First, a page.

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Blood on the Menorah

In the past weeks, we’ve spoken about self-sacrifice, the ‘I would die for you’ type of love that is the perfected form of loving one’s neighbour as yourself and we’ve spoken about the qualities found in good leadership.  

In doing this, we’ve primed ourselves for this season, what season? The season of self-sacrifice. We remember and commemorate the loss of thousands of Jewish lives under the torturous regime of a madman.  Men and women who refused to let go of the Torah in the face of enormous hardship and brutality – even in the face of torcher and death. 


“For Yahweh so loved the world that he gave his one and only Son, that whoever believes in him shall not perish but have eternal life." (John 3:16)

This verse is well-known. But what many fail to realise, is that Scripture refers to another first born son.


Then say to Pharaoh, ‘This is what Yahweh says: Israel is my firstborn son, and I told you, ‘Let my son go, so he may worship me. (Exodus 4:22)’” The nation of Israel in any age, whoever is left standing who upholds the Torah is Israel. And so Israel as well as Messiah are both Yahweh’s first born sons. They are interconnected, indivisible and symbiotic. 

It takes some time to absorb the concept that the Nation of Israel is also the personage of Messiah. Messiah is the head and the nation of Israel is his body. Like Messiah’s body, which was mercilessly brutalized and killed in the closing moments of Passion week, Israel has also been murderously brutalized, contorted and had its life’s blood leaked out of it on the ground in every age. Every martyred Israelite imitates the martyrdom of Messiah.  Even natural death from old age is a form of martyrdom because death is also our enemy.


“Aren’t you aware that all of us who were immersed into Messiah Yahshua were immersed into His death?” (Romans 6:3)

We often talk about resurrection and new life with great zeal and vigour and in doing this sometimes fail to remember, that to resurrect, one must die first. In a way, it’s understandable with congregations opting for names like, ‘New Life Ministry’ and ‘Sons of the Resurrection’ rather than call themselves ‘Lambs to the Slaughter Ministries’ or ‘Children of the Gallows,’ but sometimes we need to remember the cost of getting here and Chanukah is a golden opportunity to remember and be reminded of what’s at stake.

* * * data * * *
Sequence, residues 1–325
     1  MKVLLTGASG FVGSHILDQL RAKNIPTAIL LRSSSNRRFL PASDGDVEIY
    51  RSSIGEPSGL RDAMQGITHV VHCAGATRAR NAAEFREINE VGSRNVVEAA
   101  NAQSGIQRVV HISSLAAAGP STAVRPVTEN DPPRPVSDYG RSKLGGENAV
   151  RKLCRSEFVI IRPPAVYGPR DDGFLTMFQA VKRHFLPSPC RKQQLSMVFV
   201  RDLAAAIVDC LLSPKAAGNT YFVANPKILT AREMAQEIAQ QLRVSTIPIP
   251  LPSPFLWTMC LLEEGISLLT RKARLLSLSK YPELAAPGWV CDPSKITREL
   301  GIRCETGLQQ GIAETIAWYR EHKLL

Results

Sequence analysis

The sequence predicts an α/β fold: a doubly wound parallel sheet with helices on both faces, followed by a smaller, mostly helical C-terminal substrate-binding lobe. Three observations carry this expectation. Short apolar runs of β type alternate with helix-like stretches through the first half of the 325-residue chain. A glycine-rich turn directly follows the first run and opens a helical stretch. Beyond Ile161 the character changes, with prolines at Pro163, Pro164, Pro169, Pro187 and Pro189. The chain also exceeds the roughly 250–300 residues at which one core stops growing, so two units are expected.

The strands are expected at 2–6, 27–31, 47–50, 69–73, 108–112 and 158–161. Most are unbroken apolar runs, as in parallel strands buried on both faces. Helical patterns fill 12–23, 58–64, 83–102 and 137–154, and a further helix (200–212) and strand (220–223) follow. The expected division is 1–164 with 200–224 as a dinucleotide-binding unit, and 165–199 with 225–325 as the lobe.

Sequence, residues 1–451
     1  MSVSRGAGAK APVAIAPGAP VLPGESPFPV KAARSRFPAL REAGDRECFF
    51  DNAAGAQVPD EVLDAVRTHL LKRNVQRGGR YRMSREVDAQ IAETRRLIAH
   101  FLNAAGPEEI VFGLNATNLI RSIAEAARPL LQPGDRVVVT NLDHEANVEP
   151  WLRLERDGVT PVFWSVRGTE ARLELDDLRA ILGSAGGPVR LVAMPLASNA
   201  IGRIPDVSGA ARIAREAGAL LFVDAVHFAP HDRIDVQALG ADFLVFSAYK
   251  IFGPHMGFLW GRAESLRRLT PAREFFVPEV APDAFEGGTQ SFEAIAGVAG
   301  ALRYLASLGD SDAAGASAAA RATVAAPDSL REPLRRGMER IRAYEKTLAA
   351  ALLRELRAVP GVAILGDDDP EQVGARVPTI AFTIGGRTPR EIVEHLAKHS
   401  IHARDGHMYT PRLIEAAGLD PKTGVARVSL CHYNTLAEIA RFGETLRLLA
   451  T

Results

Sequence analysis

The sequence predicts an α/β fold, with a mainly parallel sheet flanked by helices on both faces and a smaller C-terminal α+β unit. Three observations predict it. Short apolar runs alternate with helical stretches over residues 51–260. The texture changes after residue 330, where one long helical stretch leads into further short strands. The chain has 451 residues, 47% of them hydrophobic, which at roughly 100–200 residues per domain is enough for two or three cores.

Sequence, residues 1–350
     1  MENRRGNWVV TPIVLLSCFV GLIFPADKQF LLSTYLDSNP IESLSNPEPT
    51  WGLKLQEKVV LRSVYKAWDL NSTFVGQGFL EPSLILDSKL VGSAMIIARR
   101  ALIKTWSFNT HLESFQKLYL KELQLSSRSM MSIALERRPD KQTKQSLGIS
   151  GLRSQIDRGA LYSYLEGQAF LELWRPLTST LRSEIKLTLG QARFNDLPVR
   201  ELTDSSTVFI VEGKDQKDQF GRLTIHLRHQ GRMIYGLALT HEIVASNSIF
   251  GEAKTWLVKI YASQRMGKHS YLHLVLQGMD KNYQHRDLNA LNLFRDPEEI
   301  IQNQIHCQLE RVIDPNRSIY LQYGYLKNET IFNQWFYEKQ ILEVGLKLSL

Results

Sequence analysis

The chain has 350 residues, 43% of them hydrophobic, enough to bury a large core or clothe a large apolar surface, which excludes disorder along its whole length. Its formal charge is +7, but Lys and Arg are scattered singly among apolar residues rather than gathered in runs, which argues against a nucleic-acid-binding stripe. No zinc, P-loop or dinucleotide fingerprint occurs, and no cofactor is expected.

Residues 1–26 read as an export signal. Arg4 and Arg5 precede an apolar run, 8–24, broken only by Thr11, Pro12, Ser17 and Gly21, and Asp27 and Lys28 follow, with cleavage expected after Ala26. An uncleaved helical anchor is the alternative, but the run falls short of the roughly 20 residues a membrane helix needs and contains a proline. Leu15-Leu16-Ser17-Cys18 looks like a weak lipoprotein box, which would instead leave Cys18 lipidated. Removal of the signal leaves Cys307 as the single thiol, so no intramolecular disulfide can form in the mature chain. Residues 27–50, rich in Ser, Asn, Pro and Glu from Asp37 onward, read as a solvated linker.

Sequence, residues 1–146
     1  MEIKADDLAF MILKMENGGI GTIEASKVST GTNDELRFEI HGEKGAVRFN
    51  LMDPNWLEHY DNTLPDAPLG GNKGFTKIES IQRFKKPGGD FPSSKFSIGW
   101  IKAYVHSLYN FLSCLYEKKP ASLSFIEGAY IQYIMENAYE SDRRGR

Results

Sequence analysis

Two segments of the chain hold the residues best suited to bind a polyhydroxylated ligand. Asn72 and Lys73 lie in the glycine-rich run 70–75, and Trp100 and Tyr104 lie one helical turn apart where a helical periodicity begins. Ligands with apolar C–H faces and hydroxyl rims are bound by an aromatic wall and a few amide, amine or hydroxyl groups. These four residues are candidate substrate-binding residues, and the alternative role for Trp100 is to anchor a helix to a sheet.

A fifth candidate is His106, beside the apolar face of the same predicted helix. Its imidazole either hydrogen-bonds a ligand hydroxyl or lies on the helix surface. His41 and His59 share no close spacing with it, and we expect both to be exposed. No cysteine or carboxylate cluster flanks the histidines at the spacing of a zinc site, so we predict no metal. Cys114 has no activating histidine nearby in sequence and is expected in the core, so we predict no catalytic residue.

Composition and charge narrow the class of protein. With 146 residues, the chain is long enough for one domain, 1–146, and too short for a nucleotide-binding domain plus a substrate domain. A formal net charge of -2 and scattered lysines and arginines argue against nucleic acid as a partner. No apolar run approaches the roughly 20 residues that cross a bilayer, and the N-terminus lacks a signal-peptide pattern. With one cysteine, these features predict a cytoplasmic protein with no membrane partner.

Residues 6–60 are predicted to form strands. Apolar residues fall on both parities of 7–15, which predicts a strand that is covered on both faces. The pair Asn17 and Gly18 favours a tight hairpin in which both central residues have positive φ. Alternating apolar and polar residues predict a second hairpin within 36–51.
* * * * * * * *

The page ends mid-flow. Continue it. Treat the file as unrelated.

Leaders and religious organisations waltz their flocks through a sanitised version of the word, never taking a moment to recall that the Temple was a constant slaughterhouse of animals.

Resurrection just happens. It takes no effort on our part at all. Even the wicked along with the righteous are resurrected. Learning about resurrection at the exclusion of learning about how to die well, still doesn’t remove the reality of the coming storm, the storm which Israel has weathered many times before. What are we training for, the courage to die or the ability to do pirouettes as we rise into the air upon our resurrection? 

The problem is that when we think of the Bible and its stories, we subconsciously compartmentalise it from history. We often look at Scripture in a vacuum, accepting its events as having had happened, but rarely bothering to make any connection to normative historical events and in doing so we compartmentalise.

Before we discuss Chanukah in Scripture to validate its observance and how to observe it, it’s important to discuss what happened first. It’s hard to take on an observance if you don’t know what you’re trying to connect to. 

The lead up to and the story of Chanukah, which means ‘dedication” is related in 1 & 2 Maccabees of the Apocrypha, a collection of works that should appear between the last book of the TaNaK (Malachi) and the first book of the Netzarim Ketuvim (Matthew). Without these works, around four-hundred years of events is missing from the Bible.


The Books of the Apocrypha were successfully confiscated from the Jews by the church and are held, reproduced and published by the church to this very day. Their eventual removal from many Christian Bibles came by way of the Protestant Reformation in 1881. Since the Apocrypha’s removal from Jewish possession, it remained out of circulation in Orthodox Jewish circles based on a lack of trust of Greek translations that are said to not adhere faithfully to the original manuscripts. This is not the case, but the Jews are very suspicious of writings that have fallen into the hands of foreigners. However, the observance and story of Chanukah is faithfully retained by way of oral tradition in Judaism.